“This sense of loss of control is experienced across a range of eating disorder diagnoses: bulimia nervosa, binge eating disorder and the binge-eating/purging subtype of anorexia nervosa,” said Berner. “We wanted to see if a measurable biological characteristic could help predict who goes on to develop this feeling, as research shows that individuals who feel this sense of loss of control over eating but don’t yet have an eating disorder are more likely to develop one.”

Using a large dataset that followed female college freshman for two years, the researchers preliminarily investigated whether body fat distribution is linked to body dissatisfaction over time and increases risk for the development or worsening of loss-of-control eating.

The nearly 300 young adult women completed assessments at baseline, six months and 24 months, that looked at height, weight and total body fat percentage and where it’s distributed. Participants, none of whom met the diagnostic criteria for eating disorders at the start of the study, were assessed for disordered eating behaviors through standardized clinical interviews in which experiences of sense of loss of control were self-reported.

In this sample, the researchers found that women with greater central fat stores, independent of total body mass and depression levels, were more likely to develop loss-of-control eating and demonstrated steadier increases in loss-of-control eating episode frequency over time. Women with a larger percentage of their body fat stored in the trunk region were also less satisfied with their bodies, regardless of their total weight or depression level.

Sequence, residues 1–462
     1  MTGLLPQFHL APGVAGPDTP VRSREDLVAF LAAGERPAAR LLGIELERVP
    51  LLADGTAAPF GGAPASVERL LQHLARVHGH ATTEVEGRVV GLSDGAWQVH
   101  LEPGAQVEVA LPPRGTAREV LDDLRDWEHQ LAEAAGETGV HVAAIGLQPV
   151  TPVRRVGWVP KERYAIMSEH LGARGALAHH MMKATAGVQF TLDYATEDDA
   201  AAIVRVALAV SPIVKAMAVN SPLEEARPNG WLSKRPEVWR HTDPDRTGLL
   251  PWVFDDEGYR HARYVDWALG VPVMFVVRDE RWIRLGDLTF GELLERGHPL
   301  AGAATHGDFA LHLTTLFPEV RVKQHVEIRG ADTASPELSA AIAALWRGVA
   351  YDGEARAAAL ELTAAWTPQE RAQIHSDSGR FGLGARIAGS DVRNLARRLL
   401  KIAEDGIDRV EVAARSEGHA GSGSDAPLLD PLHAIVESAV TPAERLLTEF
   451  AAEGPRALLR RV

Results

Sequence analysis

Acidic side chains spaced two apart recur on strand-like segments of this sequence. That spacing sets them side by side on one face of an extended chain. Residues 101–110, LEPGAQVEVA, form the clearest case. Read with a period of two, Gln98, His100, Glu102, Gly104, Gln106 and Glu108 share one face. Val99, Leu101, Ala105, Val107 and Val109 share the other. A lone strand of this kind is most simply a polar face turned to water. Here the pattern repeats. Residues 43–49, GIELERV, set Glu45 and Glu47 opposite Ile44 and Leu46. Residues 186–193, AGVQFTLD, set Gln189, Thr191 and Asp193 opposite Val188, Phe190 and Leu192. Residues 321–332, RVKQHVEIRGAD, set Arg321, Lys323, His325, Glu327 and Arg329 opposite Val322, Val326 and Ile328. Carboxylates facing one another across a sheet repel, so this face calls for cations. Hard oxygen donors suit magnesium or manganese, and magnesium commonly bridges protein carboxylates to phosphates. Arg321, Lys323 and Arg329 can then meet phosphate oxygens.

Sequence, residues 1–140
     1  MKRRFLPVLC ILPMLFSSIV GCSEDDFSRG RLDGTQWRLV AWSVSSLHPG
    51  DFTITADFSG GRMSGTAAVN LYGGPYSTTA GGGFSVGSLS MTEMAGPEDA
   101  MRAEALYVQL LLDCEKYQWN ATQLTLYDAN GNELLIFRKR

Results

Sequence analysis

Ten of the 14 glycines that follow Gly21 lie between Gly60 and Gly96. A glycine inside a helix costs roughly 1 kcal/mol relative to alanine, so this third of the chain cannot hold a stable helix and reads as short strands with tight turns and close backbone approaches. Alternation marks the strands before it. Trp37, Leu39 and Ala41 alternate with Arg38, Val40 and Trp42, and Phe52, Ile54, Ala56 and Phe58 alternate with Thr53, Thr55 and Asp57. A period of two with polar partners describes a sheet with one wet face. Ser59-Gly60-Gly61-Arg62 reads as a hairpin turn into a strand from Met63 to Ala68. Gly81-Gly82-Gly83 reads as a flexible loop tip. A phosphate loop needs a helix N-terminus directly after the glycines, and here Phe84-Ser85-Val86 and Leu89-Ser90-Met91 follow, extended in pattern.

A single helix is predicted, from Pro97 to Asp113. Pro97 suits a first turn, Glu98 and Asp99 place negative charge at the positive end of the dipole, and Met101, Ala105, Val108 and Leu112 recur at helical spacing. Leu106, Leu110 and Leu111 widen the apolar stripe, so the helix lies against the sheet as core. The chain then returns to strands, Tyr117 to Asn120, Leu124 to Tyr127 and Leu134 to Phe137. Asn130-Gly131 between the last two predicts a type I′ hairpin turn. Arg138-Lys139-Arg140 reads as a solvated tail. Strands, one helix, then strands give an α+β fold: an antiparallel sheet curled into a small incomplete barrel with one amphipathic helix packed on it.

The findings indicate that storage of body fat in trunk and abdominal regions, rather than elsewhere in the body, is more strongly predictive of loss-of-control eating development and worsening over time, and that larger percentages of fat stored in these central regions and body dissatisfaction may serve as maintenance or exacerbation for loss-of-control eating.

“Our results suggest that centralized fat deposition increased disordered eating risk above and beyond other known risk factors,” said Berner. “The specificity of our findings to centralized fat deposition was also surprising. For example, a one-unit increase in the percentage of body fat stored in the abdominal region was associated with a 53 percent increase in the risk of developing loss-of-control eating over the next two years, whereas total percentage body fat did not predict loss-of-control eating development.”

According to Berner, more research is needed to explain the mechanism behind these findings, though she speculates that there are a number of reasons why this might happen.

“It’s possible that this kind of fat distribution is not only psychologically distressing, but biologically influential through, for example, alterations in hunger and satiety signaling,” she said. “Fat cells release signals to the brain that influence how hungry or satiated we feel. Our study didn’t include hormone assays, so we can’t know for sure, but in theory it’s possible that if a centralized distribution of fat alters the hunger and satiety messages it sends, it could make a person feel out of control while eating.”